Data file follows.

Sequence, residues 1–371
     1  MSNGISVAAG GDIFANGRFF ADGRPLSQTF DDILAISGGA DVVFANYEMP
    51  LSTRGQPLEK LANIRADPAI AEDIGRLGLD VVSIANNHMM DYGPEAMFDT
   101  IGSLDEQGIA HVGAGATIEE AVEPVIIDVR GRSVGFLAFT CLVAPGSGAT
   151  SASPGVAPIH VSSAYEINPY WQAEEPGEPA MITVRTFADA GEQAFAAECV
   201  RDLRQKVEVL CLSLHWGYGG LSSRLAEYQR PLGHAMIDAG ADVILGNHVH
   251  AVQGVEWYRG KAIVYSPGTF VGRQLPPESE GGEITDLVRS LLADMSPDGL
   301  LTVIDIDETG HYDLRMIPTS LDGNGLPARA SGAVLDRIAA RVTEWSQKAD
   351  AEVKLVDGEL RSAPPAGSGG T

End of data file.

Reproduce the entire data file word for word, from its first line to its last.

Sequence, residues 1–371
     1  MSNGISVAAG GDIFANGRFF ADGRPLSQTF DDILAISGGA DVVFANYEMP
    51  LSTRGQPLEK LANIRADPAI AEDIGRLGLD VVSIANNHMM DYGPEAMFDT
   101  IGSLDEQGIA HVGAGATIEE AVEPVIIDVR GRSVGFLAFT CLVAPGSGAT
   151  SASPGVAPIH VSSAYEINPY WQAEEPGEPA MITVRTFADA GEQAFAAECV
   201  RDLRQKVEVL CLSLHWGYGG LSSRLAEYQR PLGHAMIDAG ADVILGNHVH
   251  AVQGVEWYRG KAIVYSPGTF VGRQLPPESE GGEITDLVRS LLADMSPDGL
   301  LTVIDIDETG HYDLRMIPTS LDGNGLPARA SGAVLDRIAA RVTEWSQKAD
   351  AEVKLVDGEL RSAPPAGSGG T